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Girls' Programs on Rise Facing a New Challenge : Century, Laguna Hills, Westminster Ready for Title Runs


The game is no longer a marathon, but a sprint. The only thing that matters in the playoffs is who can survive single-elimination.

It is a strange position to be in for three Orange County girls' basketball teams that have finally won a marathon and now must negotiate a mad dash for a Southern Section division championship.

Century, Laguna Hills and Westminster won league titles for the first time in their programs' histories. All set school records for victories, and all enter the playoffs with an advantage they never have had--confidence.

Three teams, three different paths to the title. In years past, they could largely be ignored.

Not anymore.


Few programs have experienced the depths to which Westminster had plunged. Before the 1994-95 season, the Lions' best effort was 12-12 in 1985. Then they fell into oblivion--1-99 the next five years.

Dick Katz changed that. A former boys' coach at Westminster, Katz has slowly built a winner over five years, from 4-16 his first season--when the Lions were in the Sunset League--to 17-8 last year, when the Lions tied for second in the Golden West League.

Perhaps no program elicited more controversy this season than Westminster (21-4, 9-1 in league), which benefited from new statewide open enrollment policies and won a share (with Ocean View) of its first league title.

Three of Westminster's five starters when the Lions open the Division I-A playoffs will have transferred to the school in the last two years--Tanzenika Holmes and Letty Gil, both from Santa Ana, and Lan Erickson, from Rancho Alamitos. Jennifer Gray, who arrived from Detroit, has been averaging nine points and six rebounds as a reserve.

Holmes, a powerfully built 5-foot-11 post player, and Gil, a guard, seemed the perfect complements for post player Kristin Schult and sharp-shooting Erin Moore.

Holmes' presence as a rebounder and scorer created opportunities for Schult, a long-armed, 6-2 center with a sweet jump shot.

Schult, the top returning player, averaged 13.8 points and six rebounds.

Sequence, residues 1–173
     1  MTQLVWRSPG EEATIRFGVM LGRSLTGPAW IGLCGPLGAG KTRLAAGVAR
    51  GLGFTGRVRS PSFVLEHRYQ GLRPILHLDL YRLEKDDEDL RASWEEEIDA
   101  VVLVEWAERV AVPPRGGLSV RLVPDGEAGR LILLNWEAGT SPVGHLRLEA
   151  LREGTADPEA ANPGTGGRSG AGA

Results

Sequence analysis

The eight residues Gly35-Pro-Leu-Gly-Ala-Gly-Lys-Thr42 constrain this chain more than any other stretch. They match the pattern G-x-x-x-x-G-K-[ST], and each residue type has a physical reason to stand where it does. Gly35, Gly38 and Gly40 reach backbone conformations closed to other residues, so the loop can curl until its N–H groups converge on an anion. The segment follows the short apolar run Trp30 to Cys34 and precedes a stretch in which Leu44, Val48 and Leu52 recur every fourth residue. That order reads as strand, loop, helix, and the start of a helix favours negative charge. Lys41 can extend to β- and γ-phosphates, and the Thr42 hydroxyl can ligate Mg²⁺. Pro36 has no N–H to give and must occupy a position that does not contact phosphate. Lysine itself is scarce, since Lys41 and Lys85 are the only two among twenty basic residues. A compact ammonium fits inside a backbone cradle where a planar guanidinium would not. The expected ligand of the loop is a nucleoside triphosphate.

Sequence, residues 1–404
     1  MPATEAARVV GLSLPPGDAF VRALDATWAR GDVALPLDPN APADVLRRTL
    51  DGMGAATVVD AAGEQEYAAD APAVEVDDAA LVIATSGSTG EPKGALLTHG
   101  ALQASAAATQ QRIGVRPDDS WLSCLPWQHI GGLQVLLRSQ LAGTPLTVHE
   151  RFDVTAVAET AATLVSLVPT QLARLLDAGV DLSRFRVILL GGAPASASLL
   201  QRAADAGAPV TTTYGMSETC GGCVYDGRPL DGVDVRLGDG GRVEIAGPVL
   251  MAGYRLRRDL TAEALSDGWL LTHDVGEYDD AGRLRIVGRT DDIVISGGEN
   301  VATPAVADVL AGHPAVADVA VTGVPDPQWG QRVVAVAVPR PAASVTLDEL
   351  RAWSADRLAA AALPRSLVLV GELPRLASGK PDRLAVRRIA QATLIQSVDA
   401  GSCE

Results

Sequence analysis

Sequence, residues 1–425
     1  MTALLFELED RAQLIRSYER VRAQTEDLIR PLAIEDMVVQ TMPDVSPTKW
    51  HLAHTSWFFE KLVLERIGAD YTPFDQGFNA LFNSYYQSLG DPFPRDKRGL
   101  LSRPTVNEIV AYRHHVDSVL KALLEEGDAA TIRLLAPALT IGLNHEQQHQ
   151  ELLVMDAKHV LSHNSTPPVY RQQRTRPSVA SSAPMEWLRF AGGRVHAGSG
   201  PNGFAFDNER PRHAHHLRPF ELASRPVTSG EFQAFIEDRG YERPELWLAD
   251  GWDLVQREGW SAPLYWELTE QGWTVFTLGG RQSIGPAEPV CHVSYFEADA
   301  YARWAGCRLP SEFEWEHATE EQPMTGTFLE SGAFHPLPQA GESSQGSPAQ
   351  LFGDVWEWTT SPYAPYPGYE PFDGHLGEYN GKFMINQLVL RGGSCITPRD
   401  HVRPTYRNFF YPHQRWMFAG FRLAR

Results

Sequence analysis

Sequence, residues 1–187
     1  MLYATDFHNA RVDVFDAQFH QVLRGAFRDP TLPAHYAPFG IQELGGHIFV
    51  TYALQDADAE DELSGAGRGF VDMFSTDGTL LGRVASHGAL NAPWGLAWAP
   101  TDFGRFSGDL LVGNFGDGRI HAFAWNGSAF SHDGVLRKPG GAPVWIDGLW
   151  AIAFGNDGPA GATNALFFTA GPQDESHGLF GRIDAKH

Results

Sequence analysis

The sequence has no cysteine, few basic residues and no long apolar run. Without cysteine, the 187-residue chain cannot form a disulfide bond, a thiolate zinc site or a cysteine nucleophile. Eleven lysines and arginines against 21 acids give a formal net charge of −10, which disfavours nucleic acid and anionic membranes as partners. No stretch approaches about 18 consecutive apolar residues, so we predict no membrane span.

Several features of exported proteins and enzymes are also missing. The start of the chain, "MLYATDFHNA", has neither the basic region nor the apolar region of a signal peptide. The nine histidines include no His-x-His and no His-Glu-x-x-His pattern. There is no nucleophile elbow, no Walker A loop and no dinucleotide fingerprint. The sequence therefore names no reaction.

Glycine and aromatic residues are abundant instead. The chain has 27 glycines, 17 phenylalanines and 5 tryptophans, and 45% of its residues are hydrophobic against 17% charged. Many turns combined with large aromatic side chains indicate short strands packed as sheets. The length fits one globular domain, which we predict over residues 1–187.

Holmes also has benefited from having another offensive force on the team. She averaged 14 points and 8.2 rebounds.

And Gil (6.4 assists) did her part, breaking presses and distributing the ball.

Gray (6-0), a cousin of formerMater Dei standout Miles Simon, is similar to Holmes--very athletic and physical. But she has accepted her backup role.

A tainted title?

"I know the people will say our transfers have done it. And to a certain extent, for us to be where we're at, they're right," Katz said. "But we were going to win this year anyway--we had a good group of kids back."

He continued: "Gray was not a factor. There's no doubt about the help Holmes and Gil have given this program. I think we would have been good without them, but not to this level. But that's no different than [Rhonda] Gondringer or [Melody] Peterson going to Mater Dei, or Woodbridge, or other programs."

Gondringer (from La Quinta) is in her second year at Mater Dei and Peterson (Monrovia) is in her third. Most of the county's best programs have been strengthened by transfers.

This season, it was Westminster's turn.


During the last five seasons, while going 57-61 overall, Century always had one goal: make the playoffs. Which it did. But something different about this season made Coach Jeff Watts do a double-take and shift that annual focus.

Junior Allison Napier transferred to Century from Santa Ana Valley. A freshman, Aprile Powell, half-sister to sophomore Nikki Love, turned out to be a woman in girls' sneakers. Napier (6 feet 2), Powell (6-2) and Love (6-3) combined to give the Centurions one of the county's tallest front courts and offset the loss of point guard Yvette Martinez, whose season ended with a knee injury.

"Before this year," Watts said, "we've had only one player taller than 5-9 in six years."

Powell has averaged 17.2 points and 11.1 rebounds. Napier has averaged 12.1 points and 8.9 rebounds. Love averaged eight points and six rebounds before becoming academically ineligible. The team was dealt a blow Monday when it learned she would miss the Division I-A playoffs, the section's toughest division.

Those players brought out the competitive nature of their teammates, who stepped up their level of play. Add another transfer from Santa Ana Valley, junior guard Debbi Arostigue (whose mother works at Century), and the Centurions had depth for the first time in the program's history.

Just like that, Century became a contender in the Empire League. The new goal was to win the league title, which it shared with El Dorado.

The Centurions (21-3, 9-1) built a nice foundation for the next couple seasons:

* Century's league title was the school's first girls' title in any sport.

* When the team played Thursday at El Dorado, it marked the first time the program used a rooters' bus.

* The team shattered the school record for victories (14).

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